January 9, 2004
By DEBBIE HALL
Bulletin Staff Writer
Two decades after it first went on the drawing board, ground was broken Thursday for a local training facility for fire and rescue workers. Several local and state officials, as well as members of The Harvest Foundation and contractors, were on hand for the event.
"This is a great day in the history of Martinsville and Henry County fire services," Henry County Director of Public Safety Steve Eanes said in his opening remarks.
The 22-foot-by-60-foot "burn building" began as a dream in 1984, Eanes said. Soon to be a reality, it will be built in three sections, with a total of 3,124 square feet, including two floors in the main section and three floors in the stairwell or tower. The facility will cost $575,000, with $325,000 coming from the state Fire Services Board and $250,000 from a grant by The Harvest Foundation, which invests and distributes proceeds of the sale of Memorial Health Systems.
"We are delighted to be here to participate," said Donald Hodges, president of the foundation board. Two key factors made funding the project attractive to the foundation.
The first is "the strong rationale of safety workers risking their lives," Hodges said, adding that the second attraction is the public/private partnership. The Virginia Department of Fire Programs will administer the fire board's $325,000, according to Buddy Hyde, chief deputy director of the department. He said burn buildings such as the one to be built here are the future of fire services training, in part because the training can go "hand in hand with homeland security" programs.
Eanes previously was a mentor to Phil Paquette, now chairman of the Virginia Fire Services Board. Other speakers included David Davis, chairman of the Henry County Board of Supervisors; M. Gene Teague, Martinsville mayor, and Jerry Brock, city fire chief. Construction of the burn building is expected to begin later this month at the former DuPont plant site.
Quality Construction of Danville will do site preparation and erect the metal and steel building,
Eanes said. The building itself will be constructed by Nielsen Construction of Racine, Wis., and shipped March 12 to Martinsville in sections, using at least five tractor-trailer trucks, he added. Burning systems and training simulators will be provided by ICS International Code Services, Inc., in Ontario, Canada, Eanes said.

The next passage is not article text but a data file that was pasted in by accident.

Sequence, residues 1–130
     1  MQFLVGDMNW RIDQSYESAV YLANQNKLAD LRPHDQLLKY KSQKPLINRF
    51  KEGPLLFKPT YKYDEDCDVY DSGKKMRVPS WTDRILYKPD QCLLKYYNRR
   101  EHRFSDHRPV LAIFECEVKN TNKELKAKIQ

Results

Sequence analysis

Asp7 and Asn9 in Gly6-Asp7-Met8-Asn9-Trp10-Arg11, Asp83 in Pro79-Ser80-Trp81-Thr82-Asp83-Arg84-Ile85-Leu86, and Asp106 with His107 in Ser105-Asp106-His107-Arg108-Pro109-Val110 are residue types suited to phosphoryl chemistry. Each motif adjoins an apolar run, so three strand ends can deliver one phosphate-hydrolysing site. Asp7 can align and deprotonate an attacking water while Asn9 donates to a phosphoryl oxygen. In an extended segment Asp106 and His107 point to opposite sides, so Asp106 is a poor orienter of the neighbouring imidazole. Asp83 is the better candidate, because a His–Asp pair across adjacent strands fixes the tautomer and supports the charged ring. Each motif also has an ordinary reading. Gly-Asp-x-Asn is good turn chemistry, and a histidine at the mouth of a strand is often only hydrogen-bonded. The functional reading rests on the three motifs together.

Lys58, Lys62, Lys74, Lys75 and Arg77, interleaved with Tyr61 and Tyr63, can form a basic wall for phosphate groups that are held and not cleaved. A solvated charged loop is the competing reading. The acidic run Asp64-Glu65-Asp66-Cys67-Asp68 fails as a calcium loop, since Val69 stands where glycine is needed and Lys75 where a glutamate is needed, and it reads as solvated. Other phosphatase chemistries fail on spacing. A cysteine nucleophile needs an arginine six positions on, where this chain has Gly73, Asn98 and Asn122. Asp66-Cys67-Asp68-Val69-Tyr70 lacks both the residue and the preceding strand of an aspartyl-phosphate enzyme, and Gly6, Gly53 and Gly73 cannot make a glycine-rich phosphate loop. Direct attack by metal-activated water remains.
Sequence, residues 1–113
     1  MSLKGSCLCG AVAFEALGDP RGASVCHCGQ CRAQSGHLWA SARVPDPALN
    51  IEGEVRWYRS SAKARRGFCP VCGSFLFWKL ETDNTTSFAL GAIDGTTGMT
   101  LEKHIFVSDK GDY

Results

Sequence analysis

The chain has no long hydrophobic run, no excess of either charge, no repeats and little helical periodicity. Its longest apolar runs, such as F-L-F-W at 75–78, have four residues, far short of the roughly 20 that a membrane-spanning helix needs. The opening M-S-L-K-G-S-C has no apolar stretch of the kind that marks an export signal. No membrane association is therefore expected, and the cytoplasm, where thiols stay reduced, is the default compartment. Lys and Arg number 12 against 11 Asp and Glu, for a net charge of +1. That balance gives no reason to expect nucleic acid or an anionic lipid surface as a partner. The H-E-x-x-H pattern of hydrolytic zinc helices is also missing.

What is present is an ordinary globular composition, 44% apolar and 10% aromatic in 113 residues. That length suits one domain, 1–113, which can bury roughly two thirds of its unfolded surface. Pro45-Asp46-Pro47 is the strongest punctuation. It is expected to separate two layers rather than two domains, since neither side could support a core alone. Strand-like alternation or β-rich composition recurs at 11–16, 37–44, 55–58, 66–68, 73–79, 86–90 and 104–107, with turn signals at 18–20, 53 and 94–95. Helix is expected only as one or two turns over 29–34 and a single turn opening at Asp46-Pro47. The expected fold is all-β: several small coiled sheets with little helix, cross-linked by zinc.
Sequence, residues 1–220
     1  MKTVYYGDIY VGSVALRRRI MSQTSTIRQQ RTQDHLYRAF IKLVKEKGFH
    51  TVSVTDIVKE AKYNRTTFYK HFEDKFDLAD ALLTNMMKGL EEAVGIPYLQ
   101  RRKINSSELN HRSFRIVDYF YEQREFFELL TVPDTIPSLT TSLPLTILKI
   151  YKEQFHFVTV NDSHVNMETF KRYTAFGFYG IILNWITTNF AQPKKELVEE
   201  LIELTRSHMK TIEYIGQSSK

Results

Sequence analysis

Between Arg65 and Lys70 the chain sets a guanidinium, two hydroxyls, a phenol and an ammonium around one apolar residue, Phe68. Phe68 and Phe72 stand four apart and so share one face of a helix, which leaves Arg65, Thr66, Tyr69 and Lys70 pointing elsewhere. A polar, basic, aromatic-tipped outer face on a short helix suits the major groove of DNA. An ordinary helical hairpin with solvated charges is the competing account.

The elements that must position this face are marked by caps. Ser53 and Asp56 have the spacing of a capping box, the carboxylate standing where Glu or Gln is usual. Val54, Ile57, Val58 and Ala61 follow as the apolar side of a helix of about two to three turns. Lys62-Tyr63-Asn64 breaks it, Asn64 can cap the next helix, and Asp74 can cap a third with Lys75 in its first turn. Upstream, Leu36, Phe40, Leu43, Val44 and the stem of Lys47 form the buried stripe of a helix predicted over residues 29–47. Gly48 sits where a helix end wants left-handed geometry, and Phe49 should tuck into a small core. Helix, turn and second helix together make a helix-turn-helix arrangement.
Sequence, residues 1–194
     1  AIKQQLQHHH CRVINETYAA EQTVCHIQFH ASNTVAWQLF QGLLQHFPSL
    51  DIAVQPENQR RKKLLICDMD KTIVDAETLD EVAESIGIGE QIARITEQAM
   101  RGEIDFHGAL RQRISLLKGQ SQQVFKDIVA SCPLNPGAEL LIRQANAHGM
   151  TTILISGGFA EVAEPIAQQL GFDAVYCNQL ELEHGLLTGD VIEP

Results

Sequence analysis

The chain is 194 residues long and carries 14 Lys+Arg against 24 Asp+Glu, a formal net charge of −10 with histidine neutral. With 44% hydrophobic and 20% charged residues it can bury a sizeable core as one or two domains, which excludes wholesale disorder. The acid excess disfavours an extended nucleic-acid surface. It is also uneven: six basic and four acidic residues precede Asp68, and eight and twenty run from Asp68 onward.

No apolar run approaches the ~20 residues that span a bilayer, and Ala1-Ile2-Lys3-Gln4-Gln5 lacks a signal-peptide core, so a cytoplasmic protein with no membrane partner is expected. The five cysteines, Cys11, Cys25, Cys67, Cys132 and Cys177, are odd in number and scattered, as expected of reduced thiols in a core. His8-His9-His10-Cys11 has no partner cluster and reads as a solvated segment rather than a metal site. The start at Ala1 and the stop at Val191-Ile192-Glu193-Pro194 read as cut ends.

"The operational burner systems will come in during the last two weeks of construction and that will be followed by a week of training for our staff," he said. The facility is expected to be operating by the end of May.
Virtually all of the floorspace will be dedicated to training, with "the one-story section used for burning and the 21/2-story section will be set up with different training props. There will also be a burn room on the second floor," Eanes said.
Dimensions of the second story are 22 feet by 46 feet. In addition, a five-story tower situated on one end of the building will house floors three through five. Those floors measure 12 feet by 22 feet each, he said.
The tower will be used for "rope work, rope rescue and rappelling," Eanes said.
There is no set number of rooms in the tower because many of the partitions will be moveable and allow for changes in the configuration of training spaces. However, some spaces are earmarked for specific uses. The attic and another large room will be set up with industrial props to help emergency workers train for industrial disasters. There also will be two burning rooms - a large one and a smaller one, Eanes said. The roof of the building also will be used for various training exercises, he added.
Once completed, the multi-purpose building also may be used by law enforcement personnel to train for search missions and tactical work, he added. "Some Patrick County departments have expressed an interest in using the facility. Franklin County has expressed an interest and some (departments) in
Pittsylvania County may" use the building, Eanes said. Many training classes will be open to the entire region, he said.
"We are still trying to determine the cost (to outside departments), but this will not be a revenue
generating facility. We are trying to provide training expertise," Eanes said.
The facility has been on the drawing board since the 1980s at sites near Bassett Walker, Patrick Henry Community College, Bowles Industrial Park and off Fisher Street, near the old city garage, he said. Each of those projects was unsuccessful because "it cost too much at the time," Eanes said.
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